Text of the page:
Tuesday, January 1, 2013

Gone Local

It's a brand new year and the time for resolutions. Starting today I am beginning a whole new way of life, or at least way of shopping. Here is my manifesto:

I believe that my family and my community benefit when I shop from locally owned enterprises. Therefore I will shop exclusively from stores owned and operated locally, preferably from stores where I can meet the owner, even better if the owner is operating the store. 

This is basically putting my money where my mouth, or my computer keys, are. In December I wrote a column for the York Daily Record entitled, “Shop Like a Pennsylvanian.” In researching that column I stumbled upon study after study that concluded that buying from locally owned stores was better for the local economy. Essentially at least 50% of the money you spend in local establishments stays in your local community. As opposed to shopping at large retailers like Wal-Mart and Giant, which contribute far less to the local economy. 

My other motivation came from a shop keeper I encountered more than a year ago. Her words have echoed in my heart ever since. After nine years of living in this area, I had gone shopping in downtown York. Being a natural country bumpkin, I tend to stay as close to home as possible. Cities are not my thing. I ventured to York in search of a tea store reputed to have hundreds of loose teas. There was nothing like this near my little hillside, so I went exploring. I found the tea shop and a downtown farmers market and all sorts of one-of-a-kind shops. One adorably pink and sparkly shop offered handmade gifts and pottery. The owner was behind the counter as I made my purchase and I complimented her on such a lovely little store. She said she was glad I liked it but she was closing at the end of the month after nearly ten years in business. She just wasn’t making it. Her last comment to me was, “Locals just don’t shop downtown, it’s only the tourists.”  

I wasn’t aware that York was a tourist destination, but no matter, there weren’t enough to keep her shop open. I’ve thought about this a lot since that day. When purchasing food, I always try to “buy local,” purchasing produce that has been grown right here. But what about everything else? Why do I go to Walmart or Target or Giant or Dick’s for the things I need? Why do I do most of my gift shopping online?  

Honest answer? It’s cheaper and easier. I don’t have to move my butt out of my chair to make the purchase. Anything I want is only a mouse click away. I even buy shampoo and toothpaste online. I have this fetish about Drugstore.com. I just love it. Instead of standing in the shampoo aisle weighing the benefits of shiny versus full-bodied, I can collect opinions from perfect strangers who took the time to write reviews. Never mind the generalizations that could be made about the kind of people who take the time to write a 500 word review of a shampoo or toothpaste. And the shipping is free! How can you go wrong? 

But like so many other “conveniences,” I haven’t thought through the long-term consequences of my shopping habits. Who is getting my money? My best guess? One of the “one percent.”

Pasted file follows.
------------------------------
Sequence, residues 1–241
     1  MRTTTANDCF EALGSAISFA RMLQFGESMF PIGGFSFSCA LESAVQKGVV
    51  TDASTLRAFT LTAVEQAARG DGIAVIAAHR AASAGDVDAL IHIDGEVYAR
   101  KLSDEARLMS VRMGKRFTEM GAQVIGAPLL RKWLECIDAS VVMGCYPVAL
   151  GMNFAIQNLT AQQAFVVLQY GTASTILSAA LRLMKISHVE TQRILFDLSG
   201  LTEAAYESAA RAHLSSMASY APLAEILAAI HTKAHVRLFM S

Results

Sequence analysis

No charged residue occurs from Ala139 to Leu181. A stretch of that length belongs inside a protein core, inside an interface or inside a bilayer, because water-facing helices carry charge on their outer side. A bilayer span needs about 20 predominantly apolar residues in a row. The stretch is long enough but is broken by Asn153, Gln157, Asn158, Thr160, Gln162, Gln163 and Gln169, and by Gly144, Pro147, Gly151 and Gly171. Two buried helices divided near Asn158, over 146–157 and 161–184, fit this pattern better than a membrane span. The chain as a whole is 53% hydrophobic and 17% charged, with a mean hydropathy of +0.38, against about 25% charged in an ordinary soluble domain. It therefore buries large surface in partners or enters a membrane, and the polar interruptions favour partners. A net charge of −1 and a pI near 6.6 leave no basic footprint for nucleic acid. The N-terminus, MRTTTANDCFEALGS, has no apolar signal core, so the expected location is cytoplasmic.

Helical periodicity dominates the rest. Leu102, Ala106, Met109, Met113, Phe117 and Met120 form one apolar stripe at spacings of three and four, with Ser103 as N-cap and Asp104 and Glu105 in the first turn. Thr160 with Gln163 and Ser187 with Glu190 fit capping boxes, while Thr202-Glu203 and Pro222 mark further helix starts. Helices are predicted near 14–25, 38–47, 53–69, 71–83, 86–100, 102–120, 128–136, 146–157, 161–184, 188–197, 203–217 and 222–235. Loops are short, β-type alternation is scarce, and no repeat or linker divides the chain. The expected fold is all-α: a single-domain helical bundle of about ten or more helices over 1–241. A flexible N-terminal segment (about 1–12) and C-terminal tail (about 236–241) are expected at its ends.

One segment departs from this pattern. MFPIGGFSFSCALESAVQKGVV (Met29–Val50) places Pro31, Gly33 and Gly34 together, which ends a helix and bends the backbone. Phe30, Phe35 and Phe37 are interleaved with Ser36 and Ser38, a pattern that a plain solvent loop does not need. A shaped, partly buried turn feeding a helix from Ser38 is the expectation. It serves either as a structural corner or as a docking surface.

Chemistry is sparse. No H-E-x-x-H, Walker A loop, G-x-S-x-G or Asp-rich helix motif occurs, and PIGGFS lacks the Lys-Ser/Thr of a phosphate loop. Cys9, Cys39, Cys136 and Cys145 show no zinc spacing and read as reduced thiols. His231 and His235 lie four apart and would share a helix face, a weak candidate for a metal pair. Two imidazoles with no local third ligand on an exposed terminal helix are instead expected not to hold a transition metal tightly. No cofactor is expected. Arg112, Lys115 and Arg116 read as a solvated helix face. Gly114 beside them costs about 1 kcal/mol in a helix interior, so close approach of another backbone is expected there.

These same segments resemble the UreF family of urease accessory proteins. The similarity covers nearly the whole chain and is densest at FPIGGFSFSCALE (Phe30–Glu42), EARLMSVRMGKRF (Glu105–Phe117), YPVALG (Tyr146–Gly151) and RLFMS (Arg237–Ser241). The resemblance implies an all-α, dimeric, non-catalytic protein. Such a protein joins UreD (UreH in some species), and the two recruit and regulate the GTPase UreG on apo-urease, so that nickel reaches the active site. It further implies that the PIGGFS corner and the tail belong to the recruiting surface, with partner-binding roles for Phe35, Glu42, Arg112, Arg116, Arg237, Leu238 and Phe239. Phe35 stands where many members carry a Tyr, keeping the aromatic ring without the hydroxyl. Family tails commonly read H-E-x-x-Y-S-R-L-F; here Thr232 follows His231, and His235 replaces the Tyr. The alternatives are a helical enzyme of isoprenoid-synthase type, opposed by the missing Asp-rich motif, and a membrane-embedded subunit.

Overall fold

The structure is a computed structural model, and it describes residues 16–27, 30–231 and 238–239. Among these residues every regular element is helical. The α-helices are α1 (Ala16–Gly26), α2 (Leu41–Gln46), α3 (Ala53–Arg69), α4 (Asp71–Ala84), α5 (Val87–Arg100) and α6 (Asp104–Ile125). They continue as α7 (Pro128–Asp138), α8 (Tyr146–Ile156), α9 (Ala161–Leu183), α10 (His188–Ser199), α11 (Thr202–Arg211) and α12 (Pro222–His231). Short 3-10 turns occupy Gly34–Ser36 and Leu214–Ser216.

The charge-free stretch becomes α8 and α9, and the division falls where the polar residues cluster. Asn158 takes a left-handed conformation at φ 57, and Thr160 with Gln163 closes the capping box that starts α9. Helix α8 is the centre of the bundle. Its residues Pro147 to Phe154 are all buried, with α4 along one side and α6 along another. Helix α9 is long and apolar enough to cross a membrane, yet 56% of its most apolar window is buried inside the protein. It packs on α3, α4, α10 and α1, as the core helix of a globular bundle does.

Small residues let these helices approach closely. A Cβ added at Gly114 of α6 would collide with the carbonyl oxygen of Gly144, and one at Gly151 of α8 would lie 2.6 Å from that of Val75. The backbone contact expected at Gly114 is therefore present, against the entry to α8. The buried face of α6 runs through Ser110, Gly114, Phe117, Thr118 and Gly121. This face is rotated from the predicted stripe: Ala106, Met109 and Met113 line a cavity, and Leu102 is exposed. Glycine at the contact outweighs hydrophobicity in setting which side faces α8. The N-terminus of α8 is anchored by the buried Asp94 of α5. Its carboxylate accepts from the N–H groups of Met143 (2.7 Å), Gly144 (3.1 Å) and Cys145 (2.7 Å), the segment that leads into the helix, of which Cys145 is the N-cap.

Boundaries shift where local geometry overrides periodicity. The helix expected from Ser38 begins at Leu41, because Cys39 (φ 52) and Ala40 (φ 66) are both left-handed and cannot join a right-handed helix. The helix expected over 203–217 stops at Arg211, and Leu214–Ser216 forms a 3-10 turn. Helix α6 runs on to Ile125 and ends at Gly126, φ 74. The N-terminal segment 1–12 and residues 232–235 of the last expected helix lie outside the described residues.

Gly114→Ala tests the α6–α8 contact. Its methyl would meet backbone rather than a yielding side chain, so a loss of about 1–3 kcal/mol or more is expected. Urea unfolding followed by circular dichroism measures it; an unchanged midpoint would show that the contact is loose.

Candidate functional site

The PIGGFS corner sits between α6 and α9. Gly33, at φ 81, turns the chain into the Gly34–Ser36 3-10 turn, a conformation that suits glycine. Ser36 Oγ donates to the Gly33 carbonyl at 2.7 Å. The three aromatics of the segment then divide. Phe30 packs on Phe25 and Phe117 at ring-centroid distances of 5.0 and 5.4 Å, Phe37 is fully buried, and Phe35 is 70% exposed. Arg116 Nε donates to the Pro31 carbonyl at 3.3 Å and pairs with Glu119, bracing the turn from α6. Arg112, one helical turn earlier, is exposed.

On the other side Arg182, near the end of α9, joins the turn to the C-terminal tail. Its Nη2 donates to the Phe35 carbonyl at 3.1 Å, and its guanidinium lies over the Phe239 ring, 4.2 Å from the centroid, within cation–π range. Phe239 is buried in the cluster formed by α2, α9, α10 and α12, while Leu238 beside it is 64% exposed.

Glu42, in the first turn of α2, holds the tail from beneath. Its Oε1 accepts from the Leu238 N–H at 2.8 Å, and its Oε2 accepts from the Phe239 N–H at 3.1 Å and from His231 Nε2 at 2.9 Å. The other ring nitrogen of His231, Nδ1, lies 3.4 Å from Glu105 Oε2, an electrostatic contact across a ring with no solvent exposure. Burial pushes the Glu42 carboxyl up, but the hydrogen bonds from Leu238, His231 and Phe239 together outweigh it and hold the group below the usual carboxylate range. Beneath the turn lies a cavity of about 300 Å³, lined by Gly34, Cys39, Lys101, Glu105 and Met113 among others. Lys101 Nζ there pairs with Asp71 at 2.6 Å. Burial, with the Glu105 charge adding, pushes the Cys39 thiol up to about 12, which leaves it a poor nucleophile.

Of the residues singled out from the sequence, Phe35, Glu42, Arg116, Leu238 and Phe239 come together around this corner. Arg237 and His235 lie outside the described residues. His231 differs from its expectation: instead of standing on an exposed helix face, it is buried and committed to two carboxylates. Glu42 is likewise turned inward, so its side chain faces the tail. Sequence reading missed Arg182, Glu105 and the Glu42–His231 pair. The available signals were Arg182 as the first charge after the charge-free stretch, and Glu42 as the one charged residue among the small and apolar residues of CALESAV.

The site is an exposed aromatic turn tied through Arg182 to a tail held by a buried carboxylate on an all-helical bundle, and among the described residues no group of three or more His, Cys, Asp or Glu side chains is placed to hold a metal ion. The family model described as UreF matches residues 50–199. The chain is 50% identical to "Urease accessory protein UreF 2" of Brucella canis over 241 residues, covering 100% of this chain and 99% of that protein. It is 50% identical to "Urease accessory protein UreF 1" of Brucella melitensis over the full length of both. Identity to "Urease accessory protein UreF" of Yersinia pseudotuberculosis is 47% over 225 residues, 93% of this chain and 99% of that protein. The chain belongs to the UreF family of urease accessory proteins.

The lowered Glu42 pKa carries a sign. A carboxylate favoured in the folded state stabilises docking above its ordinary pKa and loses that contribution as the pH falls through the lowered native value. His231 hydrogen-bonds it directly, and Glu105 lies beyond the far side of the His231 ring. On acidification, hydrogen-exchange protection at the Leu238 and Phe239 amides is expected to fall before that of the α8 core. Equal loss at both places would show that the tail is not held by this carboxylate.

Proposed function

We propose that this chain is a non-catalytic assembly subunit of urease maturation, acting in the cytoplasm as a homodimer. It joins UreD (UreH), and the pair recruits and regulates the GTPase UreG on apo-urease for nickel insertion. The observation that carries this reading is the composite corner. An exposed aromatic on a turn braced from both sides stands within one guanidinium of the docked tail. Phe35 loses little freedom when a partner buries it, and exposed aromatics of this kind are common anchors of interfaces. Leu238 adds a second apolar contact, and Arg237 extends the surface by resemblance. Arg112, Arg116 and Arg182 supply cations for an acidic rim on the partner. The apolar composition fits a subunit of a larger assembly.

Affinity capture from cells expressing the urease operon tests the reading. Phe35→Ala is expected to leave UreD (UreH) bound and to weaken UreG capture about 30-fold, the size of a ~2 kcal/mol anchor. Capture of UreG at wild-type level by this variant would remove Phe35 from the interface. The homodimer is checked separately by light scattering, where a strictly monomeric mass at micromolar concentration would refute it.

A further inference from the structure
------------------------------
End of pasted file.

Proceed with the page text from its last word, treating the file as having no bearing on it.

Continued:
So instead of carping on this any longer, I’ve decided to see if I can change my ways. I’m not good at doing things half-way, so I’ve decided to go cold turkey. No more Walmart, no more Giant, no more Amazon (sharp intake of breath noted), no Drugstore.com. Can I do this? More importantly, can my family and my budget survive this decision? 

I don’t know. They certainly have some valid concerns. In light of their fears, I’ve decided to only commit this experience which begins January 1 to three months. April Fool’s Day will be the appropriate end. Or not.

My hope is that this experiment will be eye opening for all of us. I don’t believe my husband’s deep worries that I’ll blow the family budget on it will come to fruition. I know we’ll spend more on some things, but I think the intentional shopping and more importantly, quitting the online shopping habit, will counter those increases.  

I’m more worried about the sacrifices. Is there any decent local wine? Where will I buy my expensive, super-soft toilet paper? Will my kids survive a dirth of Cheezits? And just how much am I willing to spend on cat food? Hair care products could very well be my breaking point.  

So here goes. I’m launching this campaign at the start of a new year. I invite you to join me in thinking carefully about your own shopping habits. I promise to be honest about the difficulties, triumphs, and slip-ups. I plan to write weekly on the blog about our experience, but promise to also continue to offer organic ideas and inspiration. Wish me luck! (and please don’t indulge my family when they whine!)


  1. YAY! I'm with you on this one Cara. Will be eagerly awaiting your posts since I know you discover lots of interesting places.

    Right now, between Apple Valley Dairy and Side by Side Farm I feel like I have most of my food needs met so its some of the extra bits that I have to look for locally.

    Here's my trade-offs - I do not shop in Wal Mart, ever. I haven't used an Exxon station since the Exxon Valdez accident nor BP since the Gulf oil spill. Unfortunately the local gas stations do buy from the big producers but I can make some choices. I also buy gas right now in Maryland not PA.

    Eating in local places is another good thing to do.

    Any thought to setting up a participation log? I'll sign up.
    Susan R.

  2. Just found your blog! We did this a few years ago when we lived in NJ, no living in York, Pa allows for a lot more local shopping. I look forward to reading your blog! As far as shampoo and other hair care items, making your own is a wonderful way to get what you need. I would be glad to share info!